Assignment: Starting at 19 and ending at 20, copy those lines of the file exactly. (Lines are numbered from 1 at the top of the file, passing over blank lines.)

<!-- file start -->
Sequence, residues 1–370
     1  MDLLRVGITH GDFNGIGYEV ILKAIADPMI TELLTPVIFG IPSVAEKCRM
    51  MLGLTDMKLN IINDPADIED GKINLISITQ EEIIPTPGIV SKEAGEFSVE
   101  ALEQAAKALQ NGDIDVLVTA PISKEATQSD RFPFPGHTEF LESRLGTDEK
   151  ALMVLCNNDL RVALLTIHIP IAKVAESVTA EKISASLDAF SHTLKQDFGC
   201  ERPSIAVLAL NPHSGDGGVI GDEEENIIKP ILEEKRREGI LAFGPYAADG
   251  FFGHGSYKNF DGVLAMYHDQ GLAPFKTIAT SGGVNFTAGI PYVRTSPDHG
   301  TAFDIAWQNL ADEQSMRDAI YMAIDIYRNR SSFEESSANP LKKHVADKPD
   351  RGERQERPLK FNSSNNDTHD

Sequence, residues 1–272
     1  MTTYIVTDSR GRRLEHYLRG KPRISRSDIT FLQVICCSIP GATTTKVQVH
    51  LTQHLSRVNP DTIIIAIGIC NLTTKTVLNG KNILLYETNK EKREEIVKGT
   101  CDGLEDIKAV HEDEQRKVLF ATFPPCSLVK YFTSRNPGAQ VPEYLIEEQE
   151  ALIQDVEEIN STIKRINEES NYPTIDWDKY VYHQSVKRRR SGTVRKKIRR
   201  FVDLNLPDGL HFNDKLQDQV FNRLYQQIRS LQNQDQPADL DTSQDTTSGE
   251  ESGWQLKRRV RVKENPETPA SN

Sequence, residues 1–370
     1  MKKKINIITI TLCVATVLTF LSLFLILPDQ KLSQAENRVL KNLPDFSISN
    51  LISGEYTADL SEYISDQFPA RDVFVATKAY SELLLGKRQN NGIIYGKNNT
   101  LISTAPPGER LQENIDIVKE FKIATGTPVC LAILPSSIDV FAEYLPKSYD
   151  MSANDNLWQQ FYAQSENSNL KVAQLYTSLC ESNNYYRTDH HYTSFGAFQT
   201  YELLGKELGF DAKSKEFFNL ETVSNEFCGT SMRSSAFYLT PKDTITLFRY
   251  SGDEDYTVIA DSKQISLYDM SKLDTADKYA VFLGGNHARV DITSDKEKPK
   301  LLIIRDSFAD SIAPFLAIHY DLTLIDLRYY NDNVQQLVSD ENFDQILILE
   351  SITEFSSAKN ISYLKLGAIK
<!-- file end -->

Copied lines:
    51  LISGEYTADL SEYISDQFPA RDVFVATKAY SELLLGKRQN NGIIYGKNNT
   101  LISTAPPGER LQENIDIVKE FKIATGTPVC LAILPSSIDV FAEYLPKSYD